Taken as a whole, the authors in African Education and Globalization decry the declining place of indigenous knowledge and languages in an increasingly globalized environment. It seems that in order for these critical facets of local society to remain a significant part of the formal education system, local and national groups are going to be forced to advocate strongly for their continued presence. It will require that civic organizations refuse to buy into the notion that all of a local community’s children must partake of the bitter medicine of Northern-focused education for the economic benefit of the select few who will go on to tertiary education. One hopes that the few pockets of resistance across the continent will gain notoriety and encourage other organizations to support the belief that education exists to maximize capabilities (Sen, 1999) — the capability to improve one’s local community rather than the coffers of a far-off, and better-off, land.
The authors in African Education and Globalization provide a contextualized view of education’s relationship with globalization in its various forms and its numerous proxies in Sub-Saharan Africa, where many argue that the effects of globalization have been most pernicious. These authors do not believe that the future will result in fewer interrelationships between the African education systems and the global forces prodding and jolting them, and they decry this continued relationship. Abdi argues that fair trade is a more appropriate aid mechanism than continued educational investments funded by the North. While fair-trade policies are sensible, economically viable, and demanded by social justice, these trade policies, although necessary, are insufficient. One alternative to the recommendation offered by Abdi is that African education systems carefully pick and choose aspects of the globalization smorgasbord that are beneficial, and then politely or violently resist the rest.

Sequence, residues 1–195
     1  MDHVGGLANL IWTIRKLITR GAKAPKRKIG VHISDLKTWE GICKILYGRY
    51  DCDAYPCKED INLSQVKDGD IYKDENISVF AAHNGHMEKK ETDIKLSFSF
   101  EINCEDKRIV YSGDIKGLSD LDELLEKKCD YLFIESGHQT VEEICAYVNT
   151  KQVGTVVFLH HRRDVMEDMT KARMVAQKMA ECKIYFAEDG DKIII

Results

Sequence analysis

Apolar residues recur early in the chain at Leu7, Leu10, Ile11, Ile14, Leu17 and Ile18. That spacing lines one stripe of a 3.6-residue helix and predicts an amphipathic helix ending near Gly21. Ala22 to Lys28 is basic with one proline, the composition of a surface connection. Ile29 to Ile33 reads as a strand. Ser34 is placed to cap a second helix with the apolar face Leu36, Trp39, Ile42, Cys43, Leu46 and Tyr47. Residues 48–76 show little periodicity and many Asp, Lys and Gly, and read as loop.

African Education and Globalization fills a gap in the scholarly research literature, and in our practical knowledge of strategies to improve education on the continent. Given that too high a percentage of scholarly work on Sub-Saharan Africa is produced by non-Africans, the editors of African Education and Globalization should be lauded because nearly all of the authors in this volume are of African descent. This work will make an important contribution, and possibly become a cornerstone of what we know about globalization and education in Sub-Saharan Africa.
While the book has real strengths, readers will find a few things lacking. The authors in the book underestimate the impact and influence that the Millennium Development Goals (MDGs) and Education for All (EFA) goals have on education policy and on international organizations’ conceptions of educational development.7 The individual authors, and the book taken as a whole, would have done well to relate their analysis more explicitly to how MDGs and EFA goals are contributing to or mitigating factors of the influences of globalization on education. There are arguments on both sides. On the one hand, some might argue that the MDGs and EFA goals are simply augmentations of a global conspiracy to alter Sub-Saharan African education systems for the purposes of neocolonization, and on the other hand, others might insist that the MDGs and EFA goals serve as defenders of the rights Sub-Saharan African children have to a high-quality, relevant education that helps them reach freedom, one of Sen’s (1999) goals of development. It is unfortunate that, despite the fact that it would have been a relevant and interesting exploration, the book fails to address the issue of where these authors fall in the gap between these two perspectives.
The most dramatic weakness of the book is the lack of analysis of West, Central, and North Africa’s relationship with globalization in education. It is not just region or language that makes this problematic, but religion as well. The regions of East and Southern Africa, which are the regional foci of the book, have a much higher percentage of Christians and lower percentage of Muslims than the rest of the continent. With a title as sweeping as African Education and Globalization, one might expect a geographically broader focus.
Finally, while this book includes chapters on theory, history, and policy analysis, there is no chapter that takes a close look at any particular community’s or school’s relationship with SAPs or with globalization more broadly defined. The inclusion of a more specific example, like Vavrus’s (2005) analysis of policy ethnography from a community in Tanzania, would have added to the practical applicability of the book.